Astronomy, while perhaps not the oldest profession there is, is most certainly amongst the first of the sciences practised by homo sapiens (see Emu Rock Carving). It is the queen of sciences, as ancient as recorded history itself, and it deserves better. Perhaps there is a bit of "hindsight” on our part in those pessimistic observations, or “creeping determinism” as it is sometimes called, and the problem could really be just a case of normal competitive human behaviour (see Astronomers Behaving Badly by Fred Watson AAO April 2005). But if you look at Nick Lomb’s picture of the early Sydney Observatory (see Figure), it is obvious that the time-ball tower set-up was the motivation for building the complex, not the astronomical observatory. The tower is much larger, and in fact partially blocks the views of the small observatory next to it. As it turned out, the most important role of the observatory was to provide time signals through the time-ball tower. Every day at exactly 1.00 pm, the time ball would drop to signal the correct time to the city and harbour below. At the same time a cannon on Dawes Point was fired (the cannon was later moved to Fort Denison). The first time-ball was dropped at noon on 5 June 1858. Soon after the drop was rescheduled to one o'clock. The time-ball is still dropped daily at 1pm using the original mechanism, but now with the aid of an electric motor. Its first 'weather forecast' was also issued in mid-1858. The building, designed by the Colonial Architect, Alexander Dawson, comprised a dome to house the equatorial telescope, a room with long, narrow windows for the transit telescope, an office for calculations, and a residence for the astronomer (see Picture). The site was selected by Governor William Denison in 1856 because, at 40 metres above sea level, it was the highest natural point in Sydney. A western wing was added in 1877 with office and library space and a second dome for another telescope. Some of the first astronomical photographs of the southern sky were taken at the observatory, under the direction of Henry Chamberlain Russell, the longest-serving Government Astronomer in New South Wales 1870 to 1905 (see Image). The observatory also took part in the compilation of the first atlas of the whole sky, The Astrographic Catalogue. The part completed at Sydney took over 70 years, from 1899 to 1971, and filled 53 volumes. After the Federation of Australia in 1901, meteorology became a function for the Commonwealth Government from 1908, while the observatory continued its astronomical role, supplied Sydney newspapers with the rising and setting times of the sun, moon and planets. A proposal to close the observatory in 1926 was narrowly avoided, but, by the mid-1970s, the increasing problems of air pollution and city light made work at the observatory more and more difficult. In 1982, the NSW Government decided that Sydney Observatory was to be converted into a museum of astronomy and related fields as part of what is now the Powerhouse Museum. Bill Robertson is its eighth Government Astronomer, and may well be the last.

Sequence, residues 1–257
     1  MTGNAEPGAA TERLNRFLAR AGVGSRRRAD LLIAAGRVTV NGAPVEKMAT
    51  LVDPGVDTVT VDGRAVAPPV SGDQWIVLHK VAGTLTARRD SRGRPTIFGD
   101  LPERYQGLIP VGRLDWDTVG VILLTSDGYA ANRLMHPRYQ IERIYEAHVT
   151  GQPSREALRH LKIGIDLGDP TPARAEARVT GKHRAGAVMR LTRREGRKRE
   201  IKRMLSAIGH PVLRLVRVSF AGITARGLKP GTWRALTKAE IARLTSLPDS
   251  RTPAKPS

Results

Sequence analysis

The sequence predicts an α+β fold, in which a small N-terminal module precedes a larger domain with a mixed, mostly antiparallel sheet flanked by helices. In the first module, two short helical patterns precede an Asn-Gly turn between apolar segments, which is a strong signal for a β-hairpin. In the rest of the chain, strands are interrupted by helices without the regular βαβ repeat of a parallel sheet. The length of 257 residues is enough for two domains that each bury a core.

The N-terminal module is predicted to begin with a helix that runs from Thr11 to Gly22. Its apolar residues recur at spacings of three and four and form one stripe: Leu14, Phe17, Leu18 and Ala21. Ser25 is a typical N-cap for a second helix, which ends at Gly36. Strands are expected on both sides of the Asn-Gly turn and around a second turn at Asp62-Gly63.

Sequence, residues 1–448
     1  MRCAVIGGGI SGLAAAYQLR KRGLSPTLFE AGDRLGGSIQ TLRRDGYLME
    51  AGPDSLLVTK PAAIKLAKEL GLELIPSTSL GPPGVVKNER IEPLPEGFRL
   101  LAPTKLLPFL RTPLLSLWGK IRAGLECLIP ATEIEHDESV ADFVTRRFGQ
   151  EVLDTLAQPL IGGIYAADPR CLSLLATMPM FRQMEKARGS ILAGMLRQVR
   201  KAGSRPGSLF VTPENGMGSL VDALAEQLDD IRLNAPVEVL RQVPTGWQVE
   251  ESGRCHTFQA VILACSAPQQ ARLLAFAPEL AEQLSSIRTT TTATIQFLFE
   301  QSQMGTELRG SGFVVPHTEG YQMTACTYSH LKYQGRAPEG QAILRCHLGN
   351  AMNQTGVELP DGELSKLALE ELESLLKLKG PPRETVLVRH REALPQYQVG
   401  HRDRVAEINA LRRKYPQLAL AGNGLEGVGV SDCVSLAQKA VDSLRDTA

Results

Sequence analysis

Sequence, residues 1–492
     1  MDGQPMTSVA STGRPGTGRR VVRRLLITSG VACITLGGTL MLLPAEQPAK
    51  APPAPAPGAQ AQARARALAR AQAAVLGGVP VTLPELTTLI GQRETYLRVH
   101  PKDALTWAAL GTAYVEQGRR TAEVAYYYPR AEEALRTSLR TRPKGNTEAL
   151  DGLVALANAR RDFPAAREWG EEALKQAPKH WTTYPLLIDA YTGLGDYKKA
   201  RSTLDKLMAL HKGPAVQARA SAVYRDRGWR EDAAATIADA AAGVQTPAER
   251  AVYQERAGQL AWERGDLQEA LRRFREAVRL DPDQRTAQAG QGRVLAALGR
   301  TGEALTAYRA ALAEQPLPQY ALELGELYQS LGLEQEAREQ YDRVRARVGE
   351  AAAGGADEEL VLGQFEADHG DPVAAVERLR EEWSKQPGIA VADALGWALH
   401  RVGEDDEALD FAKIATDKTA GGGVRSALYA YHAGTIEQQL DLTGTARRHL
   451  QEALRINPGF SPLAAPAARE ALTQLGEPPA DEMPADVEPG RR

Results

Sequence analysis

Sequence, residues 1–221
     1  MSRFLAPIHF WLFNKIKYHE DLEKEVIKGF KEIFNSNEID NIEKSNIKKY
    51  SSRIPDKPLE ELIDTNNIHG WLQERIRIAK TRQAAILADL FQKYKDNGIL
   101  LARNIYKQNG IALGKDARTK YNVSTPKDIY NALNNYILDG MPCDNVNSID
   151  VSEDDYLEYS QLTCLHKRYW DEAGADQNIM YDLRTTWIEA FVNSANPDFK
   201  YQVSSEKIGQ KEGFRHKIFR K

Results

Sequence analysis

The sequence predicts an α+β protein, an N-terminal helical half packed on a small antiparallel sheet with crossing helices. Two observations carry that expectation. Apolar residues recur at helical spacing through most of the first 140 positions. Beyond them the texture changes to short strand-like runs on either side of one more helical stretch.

Following extensive question time the vote of thanks for a revealing look behind the scenes in how Australians discovered the Universe was given by Rod Brown, ASV Historical Section Director, to general acclaim. A Google search on the Internet credits Nick Lomb with 10 books and publications. His latest Paperback is the 2010 Australian Sky Guide, published in the International year of Astronomy. Previous Guides of his have been described as "The equivalent of a celestial street directory that can be used by anyone”. A copy of his 2001 book, Observer & observed: a pictorial history of Sydney Observatory and Observatory Hill (produced with Charles Pickett), is in the ASV Library.
Barry Adcock, ASV President elect, then spoke of his plans to introduce supporting segments to the ASV monthly Meetings, time slots that will allow members to briefly talk about (and present) pet Projects and Ideas. Linda Richmond presented Astronomical Tourist, a slide-show of the World’s largest Virtual Solar System set up around Coonabarabran in NSW. Based on the Anglo Australian Observatory (whose 37m dome represents the Sun) the system is scaled at 1:38 million (see Map) and the planets are displayed on huge roadside billboards with the relative sizes of the planets. Stephen Bentley then gave an Overview on Eyepieces and Andrew Yen demonstrated his lovingly restored Newtonian Telescope and spoke about its history over many generations in his family.